A great deal of profound worldwide change blossomed in the 1960s. One could summarize the 1960s with a careful selection of just three words: War, love, and culture. The Cold War forged that of gross genuine global disaster; people protested against the wars in the name of peace and love; and the synchronous nature of music and drugs was the backbone of expression and social change. I have a deep appreciation for the 1960s, not only because it is the generation my parents grew up in, who thus acquainted me with constant Beatles music, groovy tie-dye fashion, and respect for civil rights, but also as Mark Kurlansky, my history professor, myself, and many others may agree that the 1960s was the most transparent and epically transformative time in world history that ultimately shaped our modern day world more than any other decade has. The 1960s brought to light a slew of issues, most of which were innately concerned with civil liberties. Most significantly, this decade of vast metamorphism highly impacted the music scene, spurring festivals in celebration of the folk, pop, rock and roll, blues, and soulful sounds that acoustically exemplified the changing times.

After subsequent analysis of 1960’s critical historical circumstances, we can gain an enhanced understanding of how its wars, Civil Rights, drugs, and ambience of love supremely influenced the music culture. These overarching themes are represented in the following top 5 most influential songs of the 1960s: “Revolution” by the Beatles (1968) , “ (I can’t get no) Satisfaction” by the Rollings Stones (1965) , “I Can’t Help Myself (Sugar Pie, Honey Bunch)” by the Four Tops (1965) , “Purple Haze” by the Jimi Hendrix Experience (1967) , and “My Generation” by the Who (1965) .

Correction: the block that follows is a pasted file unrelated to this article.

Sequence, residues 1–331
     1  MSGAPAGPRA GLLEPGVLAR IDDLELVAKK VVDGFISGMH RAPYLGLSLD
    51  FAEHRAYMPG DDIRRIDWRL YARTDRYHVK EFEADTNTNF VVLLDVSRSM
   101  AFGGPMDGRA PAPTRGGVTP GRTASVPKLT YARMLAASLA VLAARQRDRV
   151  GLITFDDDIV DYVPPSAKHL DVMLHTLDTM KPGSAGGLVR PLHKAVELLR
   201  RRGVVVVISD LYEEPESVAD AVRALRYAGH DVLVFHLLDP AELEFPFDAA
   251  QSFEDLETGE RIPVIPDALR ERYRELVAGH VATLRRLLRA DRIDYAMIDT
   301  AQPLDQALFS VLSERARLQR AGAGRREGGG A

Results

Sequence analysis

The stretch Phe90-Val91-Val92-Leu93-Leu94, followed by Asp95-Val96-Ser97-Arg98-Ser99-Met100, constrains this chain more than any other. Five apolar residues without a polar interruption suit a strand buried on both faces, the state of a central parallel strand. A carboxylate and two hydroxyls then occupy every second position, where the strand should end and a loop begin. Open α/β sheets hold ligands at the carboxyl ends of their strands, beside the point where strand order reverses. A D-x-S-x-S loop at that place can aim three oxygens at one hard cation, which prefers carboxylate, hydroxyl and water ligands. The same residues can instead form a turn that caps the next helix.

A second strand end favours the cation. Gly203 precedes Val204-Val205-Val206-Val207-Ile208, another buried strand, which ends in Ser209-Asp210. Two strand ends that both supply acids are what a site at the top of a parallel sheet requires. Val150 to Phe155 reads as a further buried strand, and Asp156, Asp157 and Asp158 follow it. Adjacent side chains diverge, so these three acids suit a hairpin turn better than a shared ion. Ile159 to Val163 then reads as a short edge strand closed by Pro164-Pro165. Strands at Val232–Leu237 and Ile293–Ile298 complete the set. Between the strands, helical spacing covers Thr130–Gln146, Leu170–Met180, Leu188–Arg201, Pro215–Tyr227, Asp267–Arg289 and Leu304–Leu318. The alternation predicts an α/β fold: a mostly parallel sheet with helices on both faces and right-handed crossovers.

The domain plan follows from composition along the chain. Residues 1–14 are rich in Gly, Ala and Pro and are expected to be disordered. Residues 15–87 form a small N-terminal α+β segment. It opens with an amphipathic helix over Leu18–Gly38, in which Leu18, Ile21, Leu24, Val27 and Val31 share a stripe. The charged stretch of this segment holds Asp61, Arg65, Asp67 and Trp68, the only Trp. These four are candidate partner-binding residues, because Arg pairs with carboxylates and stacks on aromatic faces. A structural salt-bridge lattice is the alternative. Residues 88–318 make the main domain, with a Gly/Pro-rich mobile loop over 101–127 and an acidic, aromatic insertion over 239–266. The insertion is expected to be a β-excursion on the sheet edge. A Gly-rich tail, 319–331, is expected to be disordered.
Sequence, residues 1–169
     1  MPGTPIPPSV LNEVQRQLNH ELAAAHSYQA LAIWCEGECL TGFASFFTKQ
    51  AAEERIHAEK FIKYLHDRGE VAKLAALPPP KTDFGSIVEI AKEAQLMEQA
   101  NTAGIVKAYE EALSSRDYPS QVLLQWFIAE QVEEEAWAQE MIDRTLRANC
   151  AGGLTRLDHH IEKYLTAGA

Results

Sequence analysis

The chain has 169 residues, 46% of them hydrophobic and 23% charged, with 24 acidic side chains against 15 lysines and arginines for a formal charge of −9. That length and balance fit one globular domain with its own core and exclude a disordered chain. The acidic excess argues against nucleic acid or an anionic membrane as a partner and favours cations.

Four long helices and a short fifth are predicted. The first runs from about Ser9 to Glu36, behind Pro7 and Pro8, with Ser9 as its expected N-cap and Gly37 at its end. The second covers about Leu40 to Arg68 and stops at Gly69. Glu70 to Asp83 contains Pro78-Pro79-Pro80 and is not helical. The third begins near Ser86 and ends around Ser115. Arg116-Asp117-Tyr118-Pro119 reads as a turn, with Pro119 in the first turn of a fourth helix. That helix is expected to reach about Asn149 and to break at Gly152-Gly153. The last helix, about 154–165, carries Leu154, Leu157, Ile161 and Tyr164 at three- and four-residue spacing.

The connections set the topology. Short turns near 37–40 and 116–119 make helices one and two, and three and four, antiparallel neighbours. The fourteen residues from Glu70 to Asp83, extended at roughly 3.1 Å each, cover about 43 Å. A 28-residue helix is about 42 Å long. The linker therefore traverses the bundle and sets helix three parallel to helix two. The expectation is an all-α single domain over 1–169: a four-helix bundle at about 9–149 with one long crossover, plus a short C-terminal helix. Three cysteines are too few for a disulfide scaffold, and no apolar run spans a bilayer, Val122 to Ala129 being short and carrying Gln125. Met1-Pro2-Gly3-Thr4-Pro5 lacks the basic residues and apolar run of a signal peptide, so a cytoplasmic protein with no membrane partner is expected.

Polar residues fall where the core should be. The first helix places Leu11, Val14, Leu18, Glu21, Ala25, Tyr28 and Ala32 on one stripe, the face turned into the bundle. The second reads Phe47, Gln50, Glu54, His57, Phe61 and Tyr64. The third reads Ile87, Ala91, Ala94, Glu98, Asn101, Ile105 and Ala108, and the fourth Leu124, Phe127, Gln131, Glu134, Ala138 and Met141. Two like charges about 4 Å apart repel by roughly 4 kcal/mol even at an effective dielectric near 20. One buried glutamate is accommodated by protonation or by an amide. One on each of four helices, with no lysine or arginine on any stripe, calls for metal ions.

1) The rampant protests against the Vietnam war inspired John Lennon to write “Revolution.”

The Vietnam war was a long and expensive loss of more than 3 million lives. In the song “Revolution” by the Beatles (1968), the first stanza reflects the popular demand among Americans for an end to the wars and its destruction as expressed in the line “But when you talk about destruction don’t you know that you can count me out.” The second stanza unveils the lies that the “people with minds that hate,” or the US government, spewed in efforts to misuse the war as a “real solution” to halt communism. In the last stanza, the line “you better free your mind instead” challenges the “minds that hate” to resolve conflicts with love and peace as opposed to the war. Lastly, the line “But if you go carrying pictures of chairman Mao You ain’t going to make it with anyone anyhow” refers to American’s disapproval of China’s Communist leader Mao Zedong who imposed the Cultural Revolution in 1966 to hazardously enforce his authority and communist regime.